The economic impact report is now an institutional component of every large development project in the United States. These reports claim to quantify the impact a proposed project has on the local economy – using one of three popular economic models. Each model incorporates the same principle – that all expenditures associated with the proposed project have a positive impact on the local economy, and that each dollar expensed ripples through the local economy with even greater effect. For example, the expenditures on payrolls to operate the new project eventually are spent on household expenses, some of these household expenses support additional payrolls, which multiply again with the purchase of more household items and services. These multiplying dollars add up fast and the economic models produce stunningly large economic impacts for every project they touch.
In 2007 a trio of economists published a scathing critique of economic impact reports used by universities to promote growth and development. Siegfried and his colleagues surveyed 138 economic impact reports covering 241 institutions and concluded succinctly, “If these economic impact studies were conducted at the level of accuracy most institutions require of faculty research, their claims of local economic benefits would not be so preposterous.” In their study of these economic impact reports, published in 2007 in Economics of Education Review, they found multiple repeating and compounding errors: double counting impacts, miscalculations on the geographical reach of the impacts, inexplicable differences in multiplier ratios, the absence of comparisons to counterfactuals scenarios, and unrealistic assessments of how new jobs impact current residents. Siegfried et al concluded with a series of recommendations – most of which were reflected in the Economic Impact Guidelines published in 2014 by the Association of Land Grant and Public Universities (APLU).
The guidelines published by the APLU were intended to curb “the misuse of traditional economic impact analyses” which “created a situation where any use of such models is suspect,” and help institutions regain credibility in the economic world through “careful attention to accuracy in any message that is disseminated.” The guidelines are part of a larger series of documents published by the association which comprises a comprehensive Economic Engagement Framework. The Economic Engagement Framework is effectively a marketing template to promote the value and relevance of universities to local governments, business partners and area residents.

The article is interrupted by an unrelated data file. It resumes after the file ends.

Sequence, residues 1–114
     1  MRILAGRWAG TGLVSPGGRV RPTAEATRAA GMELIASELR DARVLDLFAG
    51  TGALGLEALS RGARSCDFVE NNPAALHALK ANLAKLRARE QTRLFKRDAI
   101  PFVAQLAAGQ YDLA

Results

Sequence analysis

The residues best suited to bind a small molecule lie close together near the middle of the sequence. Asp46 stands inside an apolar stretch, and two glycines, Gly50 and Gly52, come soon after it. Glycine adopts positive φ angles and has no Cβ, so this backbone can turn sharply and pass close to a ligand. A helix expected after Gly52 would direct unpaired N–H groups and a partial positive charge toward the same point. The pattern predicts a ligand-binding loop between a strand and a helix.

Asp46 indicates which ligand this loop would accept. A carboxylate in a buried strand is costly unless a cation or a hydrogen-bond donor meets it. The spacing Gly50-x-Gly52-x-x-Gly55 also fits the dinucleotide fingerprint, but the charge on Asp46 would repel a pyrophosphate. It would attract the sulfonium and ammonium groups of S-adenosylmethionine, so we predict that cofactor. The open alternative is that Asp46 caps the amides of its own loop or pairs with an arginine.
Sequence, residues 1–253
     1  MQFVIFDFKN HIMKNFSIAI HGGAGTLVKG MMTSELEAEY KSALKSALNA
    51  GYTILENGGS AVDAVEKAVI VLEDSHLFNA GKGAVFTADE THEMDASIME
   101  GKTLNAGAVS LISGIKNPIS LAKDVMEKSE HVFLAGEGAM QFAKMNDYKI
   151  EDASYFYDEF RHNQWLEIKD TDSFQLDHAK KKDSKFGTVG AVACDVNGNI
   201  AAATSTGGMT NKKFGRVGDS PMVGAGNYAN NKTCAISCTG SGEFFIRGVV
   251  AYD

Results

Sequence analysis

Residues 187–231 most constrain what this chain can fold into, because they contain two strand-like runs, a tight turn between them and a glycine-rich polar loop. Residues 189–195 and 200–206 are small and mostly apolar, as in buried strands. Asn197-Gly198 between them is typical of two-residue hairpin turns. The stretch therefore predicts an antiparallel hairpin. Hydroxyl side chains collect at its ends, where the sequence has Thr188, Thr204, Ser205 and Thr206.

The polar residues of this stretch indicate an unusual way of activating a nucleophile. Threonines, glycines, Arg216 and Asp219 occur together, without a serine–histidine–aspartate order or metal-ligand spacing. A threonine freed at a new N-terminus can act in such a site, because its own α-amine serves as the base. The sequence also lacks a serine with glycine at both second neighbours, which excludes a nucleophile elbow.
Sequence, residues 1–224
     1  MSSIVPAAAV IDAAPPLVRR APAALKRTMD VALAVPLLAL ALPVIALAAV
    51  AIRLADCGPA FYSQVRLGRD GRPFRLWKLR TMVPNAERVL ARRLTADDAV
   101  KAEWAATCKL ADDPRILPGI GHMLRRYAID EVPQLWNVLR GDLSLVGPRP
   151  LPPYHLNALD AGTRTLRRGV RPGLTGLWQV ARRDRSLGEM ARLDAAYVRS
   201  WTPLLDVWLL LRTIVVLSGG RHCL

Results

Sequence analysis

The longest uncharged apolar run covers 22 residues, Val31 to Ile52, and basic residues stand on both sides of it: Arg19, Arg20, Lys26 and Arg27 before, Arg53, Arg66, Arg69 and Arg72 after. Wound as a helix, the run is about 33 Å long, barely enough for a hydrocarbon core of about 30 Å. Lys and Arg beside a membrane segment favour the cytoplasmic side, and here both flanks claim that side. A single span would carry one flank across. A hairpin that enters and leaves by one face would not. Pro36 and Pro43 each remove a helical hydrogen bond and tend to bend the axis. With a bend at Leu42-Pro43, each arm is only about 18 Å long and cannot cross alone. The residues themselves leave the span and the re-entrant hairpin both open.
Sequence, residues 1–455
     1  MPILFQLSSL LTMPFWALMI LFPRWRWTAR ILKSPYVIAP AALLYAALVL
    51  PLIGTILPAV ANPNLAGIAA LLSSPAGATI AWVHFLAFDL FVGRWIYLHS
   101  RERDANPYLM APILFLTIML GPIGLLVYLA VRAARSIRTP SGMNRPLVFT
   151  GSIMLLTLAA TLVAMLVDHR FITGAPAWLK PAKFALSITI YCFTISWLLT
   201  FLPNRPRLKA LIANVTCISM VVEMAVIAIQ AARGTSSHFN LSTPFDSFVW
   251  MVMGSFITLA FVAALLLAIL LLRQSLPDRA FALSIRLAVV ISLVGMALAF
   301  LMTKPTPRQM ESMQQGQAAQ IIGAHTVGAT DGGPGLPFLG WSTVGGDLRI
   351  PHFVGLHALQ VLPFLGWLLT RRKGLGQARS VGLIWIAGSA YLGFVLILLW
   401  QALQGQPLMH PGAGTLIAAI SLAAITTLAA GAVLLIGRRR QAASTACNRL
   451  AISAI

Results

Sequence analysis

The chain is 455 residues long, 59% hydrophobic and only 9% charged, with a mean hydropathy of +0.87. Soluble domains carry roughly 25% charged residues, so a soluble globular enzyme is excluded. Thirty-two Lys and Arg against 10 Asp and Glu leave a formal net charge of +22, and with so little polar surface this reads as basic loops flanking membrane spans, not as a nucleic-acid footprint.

The Economic Impact Report issued by UC Davis is not consistent with guidelines published by the APLU. The economic impact assessment for Aggie Square touts a $5 billion “impact” – the largest of any project in the City’s history. The report does not mention that the region’s annual economy is $194 billion per year, nor that the region’s economy has grown organically by nearly $5 billion each year over the past five years. The planning group that produced the report did not disclose the multipliers used to generate the touted impact – a detail that is very important in determining the accuracy of the model. The consultants were not clear in their report what portion of the economic activity was likely to be new to the economy. This led proponents to use the term “impact,” suggesting all activity was additive to the economy. The report did not clarify that spending, stated in dollars, and employment, stated in jobs, were just different measurements of the same economic activity. This led many public officials to double count the economic activity of the project, stating the project would generate $X billion in spending and X number of jobs.
Had the consultants provided context for their findings, the economic impact could have been stated as, “the Aggie Square project will add approximately three tenths of one percent to six tenths of one percent to the regional economy, depending on the pace of development.” This type of statement likely would have muted enthusiasm for the project and perhaps provided the community with more leverage in CBA negotiations.